The Declining Baseline of Personal Choice

June 28, 2013 § 21 Comments

Rye, "haying" in the kitchen. This was the day after we finished putting up the real thing. The boy can't get enough.

Rye “haying” in the kitchen. This was the day after we finished putting up the real thing. The boy can’t get enough.

This whole conversation about health care and health (the former of which sadly does not generally contribute to the latter) has me thinking of a topic that’s been the subject of frequent conversations ’round these parts: Declining baselines.

I was first introduced to the concept via Erik, during my reporting of $AVED. It’s come up again lately thanks to an essay by Derek Jensen in the latest issue of Orion (it’s not on the magazine’s website, so I can’t link to it). In short, declining baseline refers to the phenomenon of adaptation to ever-lower standards. In Jensen’s essay, he refers to the profound loss of wildlife, and the fact that most people alive today don’t even know what’s been lost, since so much of it was lost by the time their frame of reference was even established. That frame of reference – a new normal, so to speak – is a declined baseline.

I think there’s also a declining baseline in regards to our expectations for human health and well being. I think of our own story surrounding money and debt, and how so many of the privileges we have been granted – a piece of land at a price we could afford, for instance, and even the embodiment of the basic skills necessary to build our house – are slowly eroding from our society. Only 15 years ago, we purchased 40 acres – and not just any 40 acres, but 40 really freakin’ nice acres – for $30k. How many young adults have that option today? And on that 40 acres, we built a house with our own four hands and numerous others belonging to friends and family. We never kept careful track of what our place cost to build, but it wasn’t too terrible much more than $50k. Even when adjusted for inflation, these numbers would be tough to match in 2013. Not impossible, perhaps, but tough, and the contemporary expectation that a young family must go 100′s of thousands of dollars into debt simply to put a roof over their heads is a declined baseline.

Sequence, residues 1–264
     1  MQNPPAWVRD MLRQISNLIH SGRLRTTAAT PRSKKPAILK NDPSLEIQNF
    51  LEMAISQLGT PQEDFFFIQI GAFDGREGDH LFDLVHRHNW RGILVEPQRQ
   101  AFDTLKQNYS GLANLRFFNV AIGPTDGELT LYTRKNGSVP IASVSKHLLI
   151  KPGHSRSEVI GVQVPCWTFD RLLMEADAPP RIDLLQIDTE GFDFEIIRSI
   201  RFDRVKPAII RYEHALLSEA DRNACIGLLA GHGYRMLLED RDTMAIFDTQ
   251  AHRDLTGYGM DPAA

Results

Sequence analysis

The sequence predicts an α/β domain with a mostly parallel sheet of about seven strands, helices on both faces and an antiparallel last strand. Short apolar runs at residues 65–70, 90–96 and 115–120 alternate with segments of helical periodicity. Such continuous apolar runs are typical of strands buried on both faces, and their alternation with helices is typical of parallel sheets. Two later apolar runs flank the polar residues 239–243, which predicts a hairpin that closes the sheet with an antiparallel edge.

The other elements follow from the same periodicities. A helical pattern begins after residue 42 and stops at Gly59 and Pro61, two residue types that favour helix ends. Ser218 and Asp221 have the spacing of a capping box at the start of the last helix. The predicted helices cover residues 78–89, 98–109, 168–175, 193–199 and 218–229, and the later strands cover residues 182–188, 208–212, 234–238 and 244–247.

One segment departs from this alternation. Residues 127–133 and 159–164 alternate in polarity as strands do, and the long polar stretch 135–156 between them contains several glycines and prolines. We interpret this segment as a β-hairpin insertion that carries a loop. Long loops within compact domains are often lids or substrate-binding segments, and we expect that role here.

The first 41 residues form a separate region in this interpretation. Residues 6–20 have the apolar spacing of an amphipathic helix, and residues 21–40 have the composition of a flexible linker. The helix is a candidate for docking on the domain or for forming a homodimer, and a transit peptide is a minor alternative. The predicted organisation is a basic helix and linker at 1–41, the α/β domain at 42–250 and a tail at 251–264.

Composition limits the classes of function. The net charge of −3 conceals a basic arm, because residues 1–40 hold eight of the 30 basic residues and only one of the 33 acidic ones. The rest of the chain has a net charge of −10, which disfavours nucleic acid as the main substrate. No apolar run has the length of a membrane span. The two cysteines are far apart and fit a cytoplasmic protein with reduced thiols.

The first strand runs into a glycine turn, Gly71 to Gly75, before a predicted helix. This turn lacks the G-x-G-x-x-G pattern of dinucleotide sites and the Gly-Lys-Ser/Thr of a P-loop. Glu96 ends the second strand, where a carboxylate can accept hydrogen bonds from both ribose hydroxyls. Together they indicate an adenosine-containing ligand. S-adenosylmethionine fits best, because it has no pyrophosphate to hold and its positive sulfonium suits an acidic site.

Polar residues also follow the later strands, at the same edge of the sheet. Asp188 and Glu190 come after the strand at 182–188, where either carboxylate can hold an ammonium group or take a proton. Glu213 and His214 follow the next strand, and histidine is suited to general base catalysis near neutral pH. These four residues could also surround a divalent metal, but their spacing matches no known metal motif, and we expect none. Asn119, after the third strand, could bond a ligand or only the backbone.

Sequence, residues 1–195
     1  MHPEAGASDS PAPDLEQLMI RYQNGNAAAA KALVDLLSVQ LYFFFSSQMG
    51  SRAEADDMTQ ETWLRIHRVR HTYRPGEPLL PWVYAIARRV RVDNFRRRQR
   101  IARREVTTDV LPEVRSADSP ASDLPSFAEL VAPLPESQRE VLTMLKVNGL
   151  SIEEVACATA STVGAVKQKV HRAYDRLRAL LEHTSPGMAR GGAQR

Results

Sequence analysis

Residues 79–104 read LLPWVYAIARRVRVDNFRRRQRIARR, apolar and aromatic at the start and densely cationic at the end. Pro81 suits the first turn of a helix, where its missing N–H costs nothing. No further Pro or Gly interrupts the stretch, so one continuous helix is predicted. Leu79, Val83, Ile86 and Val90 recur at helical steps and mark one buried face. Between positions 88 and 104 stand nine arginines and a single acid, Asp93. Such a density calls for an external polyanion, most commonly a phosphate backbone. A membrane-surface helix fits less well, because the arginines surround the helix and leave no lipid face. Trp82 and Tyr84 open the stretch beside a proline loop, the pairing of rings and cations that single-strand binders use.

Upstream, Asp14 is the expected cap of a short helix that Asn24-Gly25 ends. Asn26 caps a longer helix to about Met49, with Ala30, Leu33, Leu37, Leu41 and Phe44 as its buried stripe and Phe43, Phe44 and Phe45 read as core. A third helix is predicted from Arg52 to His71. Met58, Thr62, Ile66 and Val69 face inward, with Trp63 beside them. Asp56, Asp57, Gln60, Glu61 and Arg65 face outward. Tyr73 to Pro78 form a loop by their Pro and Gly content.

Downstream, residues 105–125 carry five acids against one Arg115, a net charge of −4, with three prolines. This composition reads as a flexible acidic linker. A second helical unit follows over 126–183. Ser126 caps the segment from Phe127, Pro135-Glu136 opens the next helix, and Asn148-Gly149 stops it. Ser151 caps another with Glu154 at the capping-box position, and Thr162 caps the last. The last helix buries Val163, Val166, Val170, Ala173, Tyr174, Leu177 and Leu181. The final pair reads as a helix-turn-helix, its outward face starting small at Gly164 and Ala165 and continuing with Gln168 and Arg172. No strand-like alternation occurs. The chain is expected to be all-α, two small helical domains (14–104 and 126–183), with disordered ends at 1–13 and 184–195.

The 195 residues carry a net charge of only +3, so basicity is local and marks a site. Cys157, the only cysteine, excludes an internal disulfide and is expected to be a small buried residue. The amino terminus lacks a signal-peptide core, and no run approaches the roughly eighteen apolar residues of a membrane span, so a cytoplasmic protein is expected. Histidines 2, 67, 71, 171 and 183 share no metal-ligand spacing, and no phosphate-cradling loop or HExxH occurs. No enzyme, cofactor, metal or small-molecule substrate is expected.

What of the fact that by 2050, one-third of all adults will have diabetes? Can you imagine how that might have sounded 30 years ago? But now, given that we’re well on our way to that 33% number, it no longer seems so outrageous. Why? Because our baseline has declined. What of the fact that in the comments yesterday, Beth notes that she feels compelled to pay $18k/year for her family’s health insurance coverage at least in part because the law tells her she must? That is the declining baseline of our freedom. Indeed, I even wonder if her apparent anger at folks such as myself and Tonya, who “move to the northeast kingdom in the middle of nowhere and live on the dole” represents a sort of declining baseline of human empathy.